Annual negotiations in Brussels resulted in increased fish quotas for 16 out of 23 key Scottish stocks and “additional fishing opportunities” worth around £47 million, said Fisheries Secretary Fergus Ewing.
The overall package which concluded at December Council included increased fish quotas for 16 Scottish stocks including cod, saithe and mackerel.
Deals negotiated in Brussels included strong increases of £12 million for Norway lobster and £5 million for monkfish, the Scottish Government said.
Significant wins from this year’s talks also included an extra 1,500 tonnes of Arctic cod quota coming to the UK following an increase at the EU/Norway talks.
This particular measure was secured following meetings between Ewing and the UK’s Fisheries Minister in the run-up to the December talks.
“This will be available for swaps with other countries to bring in additional quota of stocks that may be running short in the North Sea such as cod, haddock, whiting and saithe which is particularly important with more stocks coming under the discard ban in 2017,” said the Scottish Government.
The talks also secured extra flexibility around where vessels are able to fish.
Ewing said: “The fishing industry is a vital part of our rural economy which is why it’s good news that we’ve secured crucial increases for the majority of our key species.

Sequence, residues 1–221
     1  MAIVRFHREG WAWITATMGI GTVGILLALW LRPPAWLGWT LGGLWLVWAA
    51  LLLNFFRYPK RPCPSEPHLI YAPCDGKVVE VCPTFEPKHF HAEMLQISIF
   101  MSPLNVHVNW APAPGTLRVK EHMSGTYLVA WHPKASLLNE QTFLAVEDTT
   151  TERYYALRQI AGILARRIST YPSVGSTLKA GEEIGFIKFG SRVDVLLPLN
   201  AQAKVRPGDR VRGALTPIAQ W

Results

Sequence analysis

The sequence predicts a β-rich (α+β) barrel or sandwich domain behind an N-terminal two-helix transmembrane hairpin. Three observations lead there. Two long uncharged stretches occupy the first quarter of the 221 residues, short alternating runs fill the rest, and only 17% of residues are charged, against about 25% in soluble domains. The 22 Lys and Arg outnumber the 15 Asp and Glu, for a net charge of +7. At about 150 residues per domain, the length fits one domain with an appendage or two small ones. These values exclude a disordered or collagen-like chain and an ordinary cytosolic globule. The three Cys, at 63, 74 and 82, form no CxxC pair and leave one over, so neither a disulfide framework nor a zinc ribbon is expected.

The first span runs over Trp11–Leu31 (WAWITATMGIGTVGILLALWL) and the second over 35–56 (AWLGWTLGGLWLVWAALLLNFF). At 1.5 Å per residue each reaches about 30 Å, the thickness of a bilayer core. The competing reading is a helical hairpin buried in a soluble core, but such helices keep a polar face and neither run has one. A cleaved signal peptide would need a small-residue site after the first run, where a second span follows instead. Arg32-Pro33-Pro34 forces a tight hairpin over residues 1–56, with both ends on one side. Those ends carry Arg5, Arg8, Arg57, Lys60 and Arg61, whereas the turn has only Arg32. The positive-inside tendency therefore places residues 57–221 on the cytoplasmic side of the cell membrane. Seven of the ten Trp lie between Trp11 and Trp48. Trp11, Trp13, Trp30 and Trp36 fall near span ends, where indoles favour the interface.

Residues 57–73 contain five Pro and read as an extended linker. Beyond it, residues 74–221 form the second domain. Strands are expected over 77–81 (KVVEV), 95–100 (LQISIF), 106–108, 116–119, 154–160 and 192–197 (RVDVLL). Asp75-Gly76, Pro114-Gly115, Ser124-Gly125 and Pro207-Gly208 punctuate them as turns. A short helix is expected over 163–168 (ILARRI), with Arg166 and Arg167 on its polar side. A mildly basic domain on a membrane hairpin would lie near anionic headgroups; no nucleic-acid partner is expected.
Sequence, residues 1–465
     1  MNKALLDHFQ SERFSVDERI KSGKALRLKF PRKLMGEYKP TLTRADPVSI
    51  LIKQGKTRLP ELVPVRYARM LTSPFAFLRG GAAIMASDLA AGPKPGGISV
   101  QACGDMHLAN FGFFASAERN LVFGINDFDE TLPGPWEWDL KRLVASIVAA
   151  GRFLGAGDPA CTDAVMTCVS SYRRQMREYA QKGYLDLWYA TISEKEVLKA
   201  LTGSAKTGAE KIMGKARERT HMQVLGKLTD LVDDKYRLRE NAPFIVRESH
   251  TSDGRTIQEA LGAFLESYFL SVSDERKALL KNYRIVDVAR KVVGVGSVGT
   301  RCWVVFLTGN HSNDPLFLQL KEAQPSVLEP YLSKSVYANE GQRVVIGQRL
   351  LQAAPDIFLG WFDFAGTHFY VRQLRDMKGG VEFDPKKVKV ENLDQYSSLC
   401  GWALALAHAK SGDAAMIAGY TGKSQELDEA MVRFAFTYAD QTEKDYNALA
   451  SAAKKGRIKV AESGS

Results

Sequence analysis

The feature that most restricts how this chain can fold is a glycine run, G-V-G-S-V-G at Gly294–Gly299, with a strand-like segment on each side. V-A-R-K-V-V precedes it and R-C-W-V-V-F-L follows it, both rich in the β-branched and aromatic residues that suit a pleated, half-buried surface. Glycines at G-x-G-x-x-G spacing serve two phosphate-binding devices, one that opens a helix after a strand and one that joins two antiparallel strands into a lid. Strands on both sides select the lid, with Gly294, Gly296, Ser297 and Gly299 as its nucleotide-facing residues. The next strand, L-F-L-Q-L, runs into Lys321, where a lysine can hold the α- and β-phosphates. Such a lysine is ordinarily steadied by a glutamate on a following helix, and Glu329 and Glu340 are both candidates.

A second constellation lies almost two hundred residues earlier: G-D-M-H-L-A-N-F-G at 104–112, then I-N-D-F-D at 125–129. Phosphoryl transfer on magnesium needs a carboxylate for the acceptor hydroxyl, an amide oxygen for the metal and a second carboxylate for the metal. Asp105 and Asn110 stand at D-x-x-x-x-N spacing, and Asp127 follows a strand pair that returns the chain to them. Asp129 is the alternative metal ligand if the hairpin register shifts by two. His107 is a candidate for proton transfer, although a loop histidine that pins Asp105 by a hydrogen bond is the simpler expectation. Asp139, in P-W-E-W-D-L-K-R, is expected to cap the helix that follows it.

“These deals are worth around £45 million to the industry.
“To achieve improved deals for 16 out of 23 of our key stocks is a very satisfactory outcome for the Scottish fleet and one that’s been strongly welcomed by the senior industry representatives in Brussels.
“I’m delighted that our long-standing calls to give vessels greater flexibility around where they can fish, have been answered, and from 2017 our fleet will be able to make use of this new provision.
“In these uncertain times I’m pleased that issues around Brexit did not compromise our negotiating position. We worked constructively to put people’s livelihoods first, and founding on the scientific advice, helped secure a good deal that can be well received by Scots fishermen.”